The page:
Oshkosh Corp. expects the military will slow its purchases of the Joint Light Tactical Vehicle in the coming years, but that total acquisition objectives will remain stable, executives said today during the company's quarterly earnings call.
"We do expect that JLTV volumes are going to be lower, and that will put downward pressure on defense revenues," said Mike Pack, Oshkosh's chief financial officer and executive vice president.
Officials from Oshkosh Defense, the subsidiary that builds the JLTV, said recently the company remains committed to the program even after the Army shrank the size of a follow-on contract.
“The JLTV program will go well into the 2040s,” Oshkosh CEO John Pfeifer said on the earnings call. “It’s a great base business, and then we build on top of that some of these other programs.”
Sales for the JLTV, the partial humvee replacement, are expected to fall under the military’s fiscal year 2022 budget, and the lower figures will likely continue in FY-23, Pfeifer said.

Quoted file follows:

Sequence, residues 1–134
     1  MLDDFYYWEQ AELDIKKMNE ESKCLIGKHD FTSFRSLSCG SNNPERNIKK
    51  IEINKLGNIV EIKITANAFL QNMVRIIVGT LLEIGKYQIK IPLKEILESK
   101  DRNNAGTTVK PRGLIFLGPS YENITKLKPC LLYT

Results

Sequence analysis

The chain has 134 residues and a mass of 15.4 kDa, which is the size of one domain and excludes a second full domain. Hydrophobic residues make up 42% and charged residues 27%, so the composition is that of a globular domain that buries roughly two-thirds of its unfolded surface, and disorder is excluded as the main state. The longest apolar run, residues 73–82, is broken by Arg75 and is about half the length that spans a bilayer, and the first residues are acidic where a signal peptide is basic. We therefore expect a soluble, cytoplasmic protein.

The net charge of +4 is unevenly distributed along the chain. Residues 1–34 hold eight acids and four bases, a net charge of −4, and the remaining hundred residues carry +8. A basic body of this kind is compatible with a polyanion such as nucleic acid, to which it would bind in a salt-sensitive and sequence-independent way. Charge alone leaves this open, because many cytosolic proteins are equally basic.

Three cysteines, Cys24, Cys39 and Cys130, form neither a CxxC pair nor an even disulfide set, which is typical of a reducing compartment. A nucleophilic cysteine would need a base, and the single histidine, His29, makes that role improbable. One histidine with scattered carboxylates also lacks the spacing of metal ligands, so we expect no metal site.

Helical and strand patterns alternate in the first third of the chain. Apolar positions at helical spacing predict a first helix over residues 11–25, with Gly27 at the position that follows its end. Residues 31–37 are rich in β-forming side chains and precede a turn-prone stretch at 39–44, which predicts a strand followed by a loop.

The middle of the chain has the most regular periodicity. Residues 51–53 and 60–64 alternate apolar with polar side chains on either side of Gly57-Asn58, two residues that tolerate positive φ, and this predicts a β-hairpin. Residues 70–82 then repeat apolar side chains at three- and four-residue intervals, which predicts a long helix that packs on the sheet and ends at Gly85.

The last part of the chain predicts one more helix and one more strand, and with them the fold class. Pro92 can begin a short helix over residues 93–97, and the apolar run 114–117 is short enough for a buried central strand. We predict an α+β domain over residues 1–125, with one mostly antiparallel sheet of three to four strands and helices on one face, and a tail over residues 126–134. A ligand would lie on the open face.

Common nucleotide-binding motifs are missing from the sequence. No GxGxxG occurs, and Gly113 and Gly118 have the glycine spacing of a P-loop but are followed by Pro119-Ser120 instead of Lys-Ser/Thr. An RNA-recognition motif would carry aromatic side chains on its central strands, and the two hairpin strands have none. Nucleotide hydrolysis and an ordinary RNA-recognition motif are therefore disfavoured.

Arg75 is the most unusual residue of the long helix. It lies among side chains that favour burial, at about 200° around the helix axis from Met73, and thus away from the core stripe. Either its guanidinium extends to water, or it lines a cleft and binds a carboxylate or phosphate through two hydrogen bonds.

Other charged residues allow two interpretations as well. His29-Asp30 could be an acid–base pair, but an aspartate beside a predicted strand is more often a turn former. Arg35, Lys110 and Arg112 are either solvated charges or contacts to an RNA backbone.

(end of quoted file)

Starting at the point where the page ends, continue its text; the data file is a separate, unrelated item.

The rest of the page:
The Medium Caliber Weapon System, an unmanned turret and 30 mm cannon that Oshkosh will integrate onto the Stryker vehicle, will begin production in FY-22, and that should make up some of the future defense revenue drop from the JLTV, Pack said.
Supply chain concerns dominated most of the analyst questions on the earnings call, which executives said were concentrated in non-defense portions of the company’s business.
“We just completed a challenging quarter, and we expect those challenges to continue for the coming quarters,” Pfeifer said. The company has added hundreds of new suppliers to make its supply chain more robust, although executives did not say if the defense segment added suppliers.
Oshkosh’s net sales for the quarter ending Sept. 30 were $2.1 billion, a 16% increase from the same period a year earlier. Adjusted operating income fell 16%, to $104 million, due to supply chain constraints and higher material costs.
Sales in the defense segment grew by 5%, to $650 million. Adjusted operating income fell to $50 million, down 10% from a year earlier. Last year’s results did not include Pratt Miller, which Oshkosh Defense bought in December.